A new report has found that the number of U.S. citizens dying from cancer is dropping.
The report, which was published on Thursday in the journal Cancer, was a collaborative effort between the American Cancer Society, the Centers for Disease Control and Prevention, the National Cancer Institute and the North American Association of Central Cancer Registries.
The report found that the actual number of new cases of cancer hasn’t dropped, but the overall amount of deaths from cancer across men and women have declined, according to U.S. News and World Report.
Overall cancer death rates are dropping
USA Today reported that “the American Cancer Society’s Annual Report to the Nation on the Status of Cancer showed a decline in every major ethnic and racial group.”
From 2015 to 2019, cancer deaths went down for both men and women by 2.1%.
“Among men, death rates decreased by 2.3% per year; among women, death rates decreased by 1.9% per year,” according to the National Institutes of Health.
What types of cancer had the decline
Lung cancer and melanoma had the greatest decline in death rates for both men and women, and there were modest improvements in the pancreatic cancer survival rate, according to the report.
Dr. Monica M. Bertagnolli, director of the National Cancer Institute, said in a news release that the Annual Report to the Nation this year is a reflection of the many institutions’ commitment to improving the prevention, detection and treatment of cancer.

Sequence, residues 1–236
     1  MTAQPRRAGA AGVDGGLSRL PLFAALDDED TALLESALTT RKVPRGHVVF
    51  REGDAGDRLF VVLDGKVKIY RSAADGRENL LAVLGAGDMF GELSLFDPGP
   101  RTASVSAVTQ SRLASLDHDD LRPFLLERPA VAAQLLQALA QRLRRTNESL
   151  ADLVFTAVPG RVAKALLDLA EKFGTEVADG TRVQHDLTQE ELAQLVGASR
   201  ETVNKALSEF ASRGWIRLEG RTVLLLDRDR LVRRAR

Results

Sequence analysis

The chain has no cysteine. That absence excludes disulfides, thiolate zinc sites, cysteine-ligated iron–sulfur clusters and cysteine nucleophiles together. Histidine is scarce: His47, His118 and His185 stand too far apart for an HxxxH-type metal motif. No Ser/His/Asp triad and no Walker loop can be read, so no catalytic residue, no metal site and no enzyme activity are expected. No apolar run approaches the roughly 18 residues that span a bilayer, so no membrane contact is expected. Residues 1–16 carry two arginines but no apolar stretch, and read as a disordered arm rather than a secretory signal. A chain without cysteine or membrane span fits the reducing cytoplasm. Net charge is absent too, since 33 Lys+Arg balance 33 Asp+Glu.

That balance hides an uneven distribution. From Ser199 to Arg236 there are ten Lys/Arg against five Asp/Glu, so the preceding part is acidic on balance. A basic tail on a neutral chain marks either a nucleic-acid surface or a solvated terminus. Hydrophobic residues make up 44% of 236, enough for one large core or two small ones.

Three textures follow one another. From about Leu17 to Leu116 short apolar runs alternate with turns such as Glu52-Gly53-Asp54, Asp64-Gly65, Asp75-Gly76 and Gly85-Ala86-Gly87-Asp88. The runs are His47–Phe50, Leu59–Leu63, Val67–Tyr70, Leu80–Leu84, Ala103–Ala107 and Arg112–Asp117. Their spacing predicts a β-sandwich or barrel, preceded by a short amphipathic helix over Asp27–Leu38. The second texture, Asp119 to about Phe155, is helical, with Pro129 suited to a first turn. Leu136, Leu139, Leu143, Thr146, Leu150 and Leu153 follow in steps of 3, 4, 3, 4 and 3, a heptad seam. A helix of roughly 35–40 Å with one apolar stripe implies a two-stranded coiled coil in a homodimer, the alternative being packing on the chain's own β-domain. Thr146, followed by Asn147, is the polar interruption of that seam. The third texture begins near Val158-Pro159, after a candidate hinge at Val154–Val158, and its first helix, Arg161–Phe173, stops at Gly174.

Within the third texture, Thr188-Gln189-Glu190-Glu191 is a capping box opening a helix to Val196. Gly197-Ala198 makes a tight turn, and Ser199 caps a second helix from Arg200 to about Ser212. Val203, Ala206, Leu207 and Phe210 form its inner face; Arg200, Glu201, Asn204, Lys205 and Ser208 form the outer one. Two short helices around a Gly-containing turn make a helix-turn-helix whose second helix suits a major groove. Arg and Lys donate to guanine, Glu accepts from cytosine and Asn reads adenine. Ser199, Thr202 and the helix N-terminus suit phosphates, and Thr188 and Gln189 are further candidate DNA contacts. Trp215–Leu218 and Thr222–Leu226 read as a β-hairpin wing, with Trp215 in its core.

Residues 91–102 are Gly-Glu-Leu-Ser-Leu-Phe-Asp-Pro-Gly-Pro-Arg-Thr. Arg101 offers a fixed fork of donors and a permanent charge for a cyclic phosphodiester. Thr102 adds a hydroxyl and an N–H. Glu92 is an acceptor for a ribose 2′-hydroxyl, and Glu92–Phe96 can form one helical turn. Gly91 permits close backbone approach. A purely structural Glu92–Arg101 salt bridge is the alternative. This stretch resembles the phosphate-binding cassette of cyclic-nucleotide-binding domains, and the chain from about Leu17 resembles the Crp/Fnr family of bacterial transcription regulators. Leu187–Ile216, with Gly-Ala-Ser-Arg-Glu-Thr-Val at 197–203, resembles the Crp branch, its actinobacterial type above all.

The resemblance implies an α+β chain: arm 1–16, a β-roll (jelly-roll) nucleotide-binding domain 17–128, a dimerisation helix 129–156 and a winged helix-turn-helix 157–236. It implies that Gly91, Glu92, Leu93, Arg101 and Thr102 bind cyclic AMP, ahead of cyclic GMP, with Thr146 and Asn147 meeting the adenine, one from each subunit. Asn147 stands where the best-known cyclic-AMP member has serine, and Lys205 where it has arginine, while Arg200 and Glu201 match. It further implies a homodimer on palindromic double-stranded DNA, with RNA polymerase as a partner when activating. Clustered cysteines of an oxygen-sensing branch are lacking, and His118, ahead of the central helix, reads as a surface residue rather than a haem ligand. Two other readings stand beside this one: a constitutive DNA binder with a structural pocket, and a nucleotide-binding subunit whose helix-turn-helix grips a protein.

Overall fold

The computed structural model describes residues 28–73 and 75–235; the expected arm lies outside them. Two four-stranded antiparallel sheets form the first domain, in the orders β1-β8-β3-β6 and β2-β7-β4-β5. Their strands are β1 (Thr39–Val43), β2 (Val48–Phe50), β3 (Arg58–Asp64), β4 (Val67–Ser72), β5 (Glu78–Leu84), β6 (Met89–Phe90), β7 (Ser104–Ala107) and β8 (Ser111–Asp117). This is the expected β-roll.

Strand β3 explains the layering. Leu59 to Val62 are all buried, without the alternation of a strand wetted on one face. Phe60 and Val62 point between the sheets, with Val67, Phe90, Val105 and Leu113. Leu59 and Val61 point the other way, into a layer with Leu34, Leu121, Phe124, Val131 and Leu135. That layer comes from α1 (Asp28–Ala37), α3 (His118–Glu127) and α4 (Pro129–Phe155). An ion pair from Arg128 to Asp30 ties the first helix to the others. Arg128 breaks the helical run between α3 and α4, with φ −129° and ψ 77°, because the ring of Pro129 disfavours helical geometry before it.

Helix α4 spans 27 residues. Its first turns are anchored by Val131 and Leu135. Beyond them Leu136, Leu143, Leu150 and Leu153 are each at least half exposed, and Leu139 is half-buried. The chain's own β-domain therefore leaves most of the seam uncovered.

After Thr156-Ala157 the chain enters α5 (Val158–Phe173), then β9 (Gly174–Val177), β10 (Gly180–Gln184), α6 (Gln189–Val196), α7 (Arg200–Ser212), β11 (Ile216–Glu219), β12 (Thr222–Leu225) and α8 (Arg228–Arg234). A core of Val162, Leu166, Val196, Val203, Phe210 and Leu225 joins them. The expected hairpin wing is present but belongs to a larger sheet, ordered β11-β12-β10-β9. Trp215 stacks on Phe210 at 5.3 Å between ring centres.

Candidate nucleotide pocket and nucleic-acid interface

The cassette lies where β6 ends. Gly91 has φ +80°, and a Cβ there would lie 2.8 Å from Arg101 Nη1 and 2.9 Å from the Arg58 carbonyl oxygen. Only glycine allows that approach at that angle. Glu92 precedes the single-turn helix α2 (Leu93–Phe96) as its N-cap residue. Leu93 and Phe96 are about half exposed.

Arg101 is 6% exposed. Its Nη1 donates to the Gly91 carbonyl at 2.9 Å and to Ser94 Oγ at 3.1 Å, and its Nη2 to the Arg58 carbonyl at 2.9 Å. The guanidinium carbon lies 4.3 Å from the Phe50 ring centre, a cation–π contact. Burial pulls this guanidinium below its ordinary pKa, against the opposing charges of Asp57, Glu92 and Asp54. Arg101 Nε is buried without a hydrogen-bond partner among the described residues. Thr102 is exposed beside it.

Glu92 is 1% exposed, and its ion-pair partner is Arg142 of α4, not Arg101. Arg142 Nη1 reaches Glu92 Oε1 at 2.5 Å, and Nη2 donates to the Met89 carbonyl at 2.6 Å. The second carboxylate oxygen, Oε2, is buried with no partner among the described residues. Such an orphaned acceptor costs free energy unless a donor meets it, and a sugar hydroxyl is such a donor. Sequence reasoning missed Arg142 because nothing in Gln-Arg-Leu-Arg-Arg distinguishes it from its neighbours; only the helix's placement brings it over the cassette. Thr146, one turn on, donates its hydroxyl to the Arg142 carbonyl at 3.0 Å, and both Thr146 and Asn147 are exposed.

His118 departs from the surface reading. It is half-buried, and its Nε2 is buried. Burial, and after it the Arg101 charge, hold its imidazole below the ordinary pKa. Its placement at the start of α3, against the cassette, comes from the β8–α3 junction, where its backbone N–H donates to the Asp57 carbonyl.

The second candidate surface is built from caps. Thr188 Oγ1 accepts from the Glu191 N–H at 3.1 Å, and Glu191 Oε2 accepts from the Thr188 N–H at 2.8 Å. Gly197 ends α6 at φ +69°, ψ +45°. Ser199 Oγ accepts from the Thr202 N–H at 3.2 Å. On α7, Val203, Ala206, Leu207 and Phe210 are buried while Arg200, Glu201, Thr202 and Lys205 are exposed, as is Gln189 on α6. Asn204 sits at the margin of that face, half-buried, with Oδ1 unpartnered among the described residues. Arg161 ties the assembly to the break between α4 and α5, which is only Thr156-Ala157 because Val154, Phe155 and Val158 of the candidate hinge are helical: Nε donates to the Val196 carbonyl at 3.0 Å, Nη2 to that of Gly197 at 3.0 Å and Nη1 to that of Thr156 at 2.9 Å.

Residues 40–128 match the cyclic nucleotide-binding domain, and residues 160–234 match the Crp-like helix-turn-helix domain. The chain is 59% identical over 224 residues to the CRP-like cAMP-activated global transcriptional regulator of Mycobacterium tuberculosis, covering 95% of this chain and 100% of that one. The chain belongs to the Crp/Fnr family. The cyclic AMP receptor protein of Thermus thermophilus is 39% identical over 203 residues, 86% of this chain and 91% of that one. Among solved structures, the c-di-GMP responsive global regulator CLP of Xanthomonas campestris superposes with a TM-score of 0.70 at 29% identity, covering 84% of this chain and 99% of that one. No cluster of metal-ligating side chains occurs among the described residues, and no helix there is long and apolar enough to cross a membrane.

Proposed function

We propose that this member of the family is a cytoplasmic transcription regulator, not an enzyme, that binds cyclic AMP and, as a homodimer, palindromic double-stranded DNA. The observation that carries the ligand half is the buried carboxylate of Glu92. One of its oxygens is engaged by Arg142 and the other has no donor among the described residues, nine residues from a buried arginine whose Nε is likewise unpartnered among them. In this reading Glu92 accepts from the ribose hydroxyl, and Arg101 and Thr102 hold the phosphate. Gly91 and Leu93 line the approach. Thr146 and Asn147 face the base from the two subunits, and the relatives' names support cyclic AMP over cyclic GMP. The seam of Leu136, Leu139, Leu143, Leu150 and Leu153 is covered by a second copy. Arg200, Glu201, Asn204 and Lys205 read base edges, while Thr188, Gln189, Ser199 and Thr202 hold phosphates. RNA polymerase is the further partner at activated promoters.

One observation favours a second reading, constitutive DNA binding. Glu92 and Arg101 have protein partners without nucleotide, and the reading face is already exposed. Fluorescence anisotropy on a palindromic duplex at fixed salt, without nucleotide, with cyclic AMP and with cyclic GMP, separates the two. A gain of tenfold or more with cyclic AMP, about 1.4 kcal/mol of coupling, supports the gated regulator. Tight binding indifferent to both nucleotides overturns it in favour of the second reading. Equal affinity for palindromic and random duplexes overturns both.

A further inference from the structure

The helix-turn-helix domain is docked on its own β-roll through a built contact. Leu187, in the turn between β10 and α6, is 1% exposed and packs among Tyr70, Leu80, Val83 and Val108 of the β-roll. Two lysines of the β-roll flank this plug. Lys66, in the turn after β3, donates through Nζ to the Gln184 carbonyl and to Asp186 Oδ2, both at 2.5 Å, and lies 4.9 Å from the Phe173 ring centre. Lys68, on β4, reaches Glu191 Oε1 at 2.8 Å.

“The advances shown in the report underscore the importance of working together across society to develop effective, equitable approaches to tackle this complex disease. I look forward to working with all our partners in the cancer community to meet these challenges head-on, because people affected by cancer — and that includes all of us — are counting on it,” Bertagnolli said.
Disparities still remain among minority groups
Forbes reported that while the number across the U.S. has dropped, the report showed certain racial and ethnic disparities in the U.S. cancer death rates between 2014 to 2018 and 2015 to 2019.
The report found that uterine cancer had increased across women of all races except for white women, which were reported to have more stable rates.
“Factors such as race, ethnicity and socioeconomic status should not play a role in people’s ability to be healthy or determine how long they live,” Dr. Lisa Richardson, director of CDC’s Division of Cancer Prevention and Control, said in the news release about the report.
In order to fight against these disparities going forward, the CDC is putting forward initiatives, programs, policy work and research into this issue, according to Richardson.
“We know that we can meet this challenge together and create an America where people are free of cancer,” Richardson said.